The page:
If You’re Visiting Montreal, The Phi Centre Is An Absolute Must See.
If you’re visiting Montreal, you’ll definitely want to check out the Phi Centre. Located in Montreal’s Old Port at 407 Saint-Pierre Street, the Phi Centre is many things. It is a haven for contemporary arts and culture, with music, film, workshops, talks, a boutique. Recently, it has also become a free Virtual Reality Garden as of recently. Here’s some fun facts to know about.
AN EXTENSIVE HISTORY
For a modern, chic, and avant-garde art centre, the Phi Centre has a remarkably long and rich history. The original structure comprised two warehouses. One was built by John Ogilvy in 1861 to store stock like dry goods and the other built by John Pratt & Co, housed clothing and footwear. Both were used by fur traders until the buildings burned down in 1901. They were rebuilt by Silverman, Boulter & Company, who continued to use them for storing furs. The buildings continued as warehouses for furs, glassware, and household goods until 2002. In 2008, Phoebe Greenberg, heiress, artistic director, and cultural philanthropist, bought the buildings in order to create the arts centre.
A PLACE FOR TOMORROW’S ART
Originally from Ottawa, Greenberg, herself an actor and film producer, had established the Montreal DHC/ART Foundation for Contemporary Art in 2007. Her vision for the Phi Centre was for a thoroughly contemporary multidisciplinary arts space for the city. She wanted to place an emphasis on encouraging up-and-coming artists, innovative practice, and the use of the latest digital technologies.
Greenberg also wanted an environmentally friendly space. The architects Annie Lebel and Stéphane Pratte from in situ atelier díarchitecture devised a way to create a modular, versatile, energy efficient design. This would allow for multipurpose uses, while preserving the external heritage structures and accommodating the internal wood and cast iron columns.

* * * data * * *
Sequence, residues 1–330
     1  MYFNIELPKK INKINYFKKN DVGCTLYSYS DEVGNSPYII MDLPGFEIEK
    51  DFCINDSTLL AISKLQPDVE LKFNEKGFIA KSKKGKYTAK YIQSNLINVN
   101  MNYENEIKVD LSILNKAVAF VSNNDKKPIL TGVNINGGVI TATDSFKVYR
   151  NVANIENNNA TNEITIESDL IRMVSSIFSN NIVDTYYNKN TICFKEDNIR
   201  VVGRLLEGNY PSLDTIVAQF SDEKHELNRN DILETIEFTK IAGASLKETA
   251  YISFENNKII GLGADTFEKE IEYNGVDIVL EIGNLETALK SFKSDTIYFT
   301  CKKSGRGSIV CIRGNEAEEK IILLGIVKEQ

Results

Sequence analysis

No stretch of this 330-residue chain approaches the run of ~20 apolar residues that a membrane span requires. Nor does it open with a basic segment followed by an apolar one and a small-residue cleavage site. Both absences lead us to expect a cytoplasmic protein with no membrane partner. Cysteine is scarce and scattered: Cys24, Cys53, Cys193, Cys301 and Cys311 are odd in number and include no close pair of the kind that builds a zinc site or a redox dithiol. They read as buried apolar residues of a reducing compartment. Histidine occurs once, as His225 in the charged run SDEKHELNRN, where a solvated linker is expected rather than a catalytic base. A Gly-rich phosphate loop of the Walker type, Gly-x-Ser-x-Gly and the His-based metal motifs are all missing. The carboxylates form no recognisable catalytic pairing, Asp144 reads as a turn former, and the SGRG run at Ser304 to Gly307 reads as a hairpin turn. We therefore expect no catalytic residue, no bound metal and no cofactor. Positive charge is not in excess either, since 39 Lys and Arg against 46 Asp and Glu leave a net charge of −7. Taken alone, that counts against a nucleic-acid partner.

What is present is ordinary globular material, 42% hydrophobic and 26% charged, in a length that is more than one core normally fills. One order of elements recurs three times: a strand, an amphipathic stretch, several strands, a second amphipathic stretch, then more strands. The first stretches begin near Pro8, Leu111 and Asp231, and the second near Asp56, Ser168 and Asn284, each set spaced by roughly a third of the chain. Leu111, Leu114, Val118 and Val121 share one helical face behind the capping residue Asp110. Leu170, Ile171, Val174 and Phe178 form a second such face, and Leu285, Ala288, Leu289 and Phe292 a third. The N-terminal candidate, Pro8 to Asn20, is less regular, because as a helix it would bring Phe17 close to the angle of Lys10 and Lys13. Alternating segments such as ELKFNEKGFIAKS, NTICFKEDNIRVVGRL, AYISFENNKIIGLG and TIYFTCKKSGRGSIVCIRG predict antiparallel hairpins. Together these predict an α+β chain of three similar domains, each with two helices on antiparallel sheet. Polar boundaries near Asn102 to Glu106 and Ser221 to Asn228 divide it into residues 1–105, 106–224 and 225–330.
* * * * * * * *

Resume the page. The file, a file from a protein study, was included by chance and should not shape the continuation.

The building’s eco-credentials include a green roof and terrace, with highly-reflective white material to reflect away heat in the summer. During winter, it is capable of increasing insulation, thanks to the efficient energy-exchange heating and cooling systems. The re-use of as much of the historic materials as possible won the project an award from L’Ordre des architectes du Québec (OAQ). Greenberg herself was often wearing a hard hat during the reconstruction, and the centre opened in 2012.
WHERE IMAGINATION BECOME REALITY
Carefully designed for excellent acoustics, the space offers many interconnected areas, over four floors. This allows to house all sorts of different events and installations. There are state-of-the art recording studios and HD webcasting studios, all fully digitally interconnected, to allow artists to create technologically innovative works throughout the space.
The centre has also produced an award-winning short film, Next Floor, by Denis Villeneuve. It also hosts performances by artist as diverse as Inuit throat singer Tanya Tagaq and Montreal rock band Arcade Fire.
The unique and free Virtual Reality Garden offers completely innovative and immersive experiences, showcasing local and international artists. From National Film Board documentaries to entertainment by video game developer Ubisoft, you are sure to go through mind-bending adventures and new worlds to explore.
We hope this piece has given you some interesting insights on what to explore during your stay In Montreal!